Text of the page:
Developer: Omega Force/Team Ninja
Platforms: Nintendo Switch
Released: May 18, 2018
Copy supplied by publisher
Hyrule Warriors remains one of the most unexpected video game crossovers this side of Kingdom Hearts. Even nearly four years after its original release, blending the hack-and-slash gameplay of Tecmo Koei’s Dynasty Warriors series with the characters and settings of Nintendo’s The Legend of Zelda still seems like a wild idea that shouldn’t work. After all, here were two series seemingly on opposite ends of the spectrum in terms of critical opinion — I don’t think I need to tell you which is generally viewed less favorably — combined into one game expected to appeal to fans of both. To the surprise of many, the experiment actually worked out pretty well.
First released for the Wii U in 2014, Hyrule Warriors received mostly positive reviews and even managed to sell around one million copies; an impressive feat given how few people actually owned a Wii U. The game was then ported to the 3DS in 2016 and has now made its way to the Nintendo Switch, where it’s received the “definitive edition” treatment. With all content from the previous two editions and the portable nature of the Switch itself, this is easily the best version of Hyrule Warriors available, but whether or you not you should bother with it depends on a few important factors.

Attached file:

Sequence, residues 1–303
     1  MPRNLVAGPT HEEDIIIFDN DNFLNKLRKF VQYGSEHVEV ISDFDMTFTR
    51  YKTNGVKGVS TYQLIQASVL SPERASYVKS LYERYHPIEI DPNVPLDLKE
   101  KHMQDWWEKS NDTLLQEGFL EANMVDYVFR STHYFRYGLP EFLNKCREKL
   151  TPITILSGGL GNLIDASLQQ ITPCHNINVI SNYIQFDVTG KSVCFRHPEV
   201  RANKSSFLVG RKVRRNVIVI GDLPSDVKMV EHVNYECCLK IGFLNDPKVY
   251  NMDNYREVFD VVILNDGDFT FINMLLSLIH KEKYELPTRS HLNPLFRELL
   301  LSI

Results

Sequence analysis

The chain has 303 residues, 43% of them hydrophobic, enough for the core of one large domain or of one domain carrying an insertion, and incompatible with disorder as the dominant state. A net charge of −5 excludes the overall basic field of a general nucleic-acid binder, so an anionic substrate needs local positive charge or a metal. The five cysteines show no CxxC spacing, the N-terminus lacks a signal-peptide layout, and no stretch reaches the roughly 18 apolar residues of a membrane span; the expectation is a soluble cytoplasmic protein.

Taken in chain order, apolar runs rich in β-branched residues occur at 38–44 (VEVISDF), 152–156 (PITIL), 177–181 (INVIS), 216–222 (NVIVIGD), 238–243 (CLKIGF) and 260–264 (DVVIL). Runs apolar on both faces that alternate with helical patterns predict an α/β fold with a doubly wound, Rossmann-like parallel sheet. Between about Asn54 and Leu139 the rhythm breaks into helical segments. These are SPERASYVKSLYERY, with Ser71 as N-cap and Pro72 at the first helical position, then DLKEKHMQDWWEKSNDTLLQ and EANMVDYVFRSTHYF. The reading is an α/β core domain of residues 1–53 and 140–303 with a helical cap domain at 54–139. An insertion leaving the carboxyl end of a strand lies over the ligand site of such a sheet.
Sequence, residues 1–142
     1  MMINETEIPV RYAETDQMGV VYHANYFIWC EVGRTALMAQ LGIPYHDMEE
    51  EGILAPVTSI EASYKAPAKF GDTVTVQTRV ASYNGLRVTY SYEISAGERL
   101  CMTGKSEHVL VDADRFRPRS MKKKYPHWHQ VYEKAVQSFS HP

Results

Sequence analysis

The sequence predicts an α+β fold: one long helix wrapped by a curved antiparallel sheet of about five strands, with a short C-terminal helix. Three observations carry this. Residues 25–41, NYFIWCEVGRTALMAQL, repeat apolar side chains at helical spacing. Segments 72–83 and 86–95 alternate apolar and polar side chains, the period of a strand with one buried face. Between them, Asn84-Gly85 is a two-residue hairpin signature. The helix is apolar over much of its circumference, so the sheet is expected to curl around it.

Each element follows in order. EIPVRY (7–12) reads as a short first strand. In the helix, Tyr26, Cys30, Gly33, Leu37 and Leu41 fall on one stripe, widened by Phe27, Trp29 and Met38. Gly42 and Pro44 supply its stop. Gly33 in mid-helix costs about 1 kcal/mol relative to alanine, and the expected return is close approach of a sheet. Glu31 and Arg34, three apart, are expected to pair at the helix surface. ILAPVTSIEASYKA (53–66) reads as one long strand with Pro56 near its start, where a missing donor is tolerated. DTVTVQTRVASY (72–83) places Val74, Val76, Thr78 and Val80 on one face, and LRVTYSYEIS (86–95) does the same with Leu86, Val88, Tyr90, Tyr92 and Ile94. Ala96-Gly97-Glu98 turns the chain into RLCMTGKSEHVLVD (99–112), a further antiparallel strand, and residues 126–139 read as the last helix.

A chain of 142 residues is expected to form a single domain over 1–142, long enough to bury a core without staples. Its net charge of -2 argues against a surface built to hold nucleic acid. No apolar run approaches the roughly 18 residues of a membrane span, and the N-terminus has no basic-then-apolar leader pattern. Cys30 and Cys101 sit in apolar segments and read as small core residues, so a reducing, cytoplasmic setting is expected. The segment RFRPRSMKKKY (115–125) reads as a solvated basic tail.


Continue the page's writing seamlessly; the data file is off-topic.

If you’ve somehow never played a Warriors title, the set-up is pretty straightforward. A third-person action game with light tactical elements, you complete various objectives on large battlefield environments while carving a path through the enemy ranks. The main appeal of these games is feeling like an overpowered demi-god, as your character is capable of cutting down thousands of enemies in a single battle. Essentially, every fight is like a giant chess battle, only you’re able to insert yourself pretty much anywhere and shift the tide in your favor. While Hyrule Warriors doesn’t really offer much of a challenge in its hack-and-slash gameplay, you’ll need to employ a surprising amount of strategy in order to emerge victorious. Each battle offers constantly evolving objectives and if you don’t keep track of what’s going on, you will quickly find yourself on the losing end. It’s this tension between focusing on the fight right in front of you, while also trying to stay on top of everything else going on in the wider battle, that makes Warriors titles more compelling than their repetitive combat might suggest. Hyrule Warriors has an advantage in that it’s a great Warriors game that also benefits considerably from the Zelda license.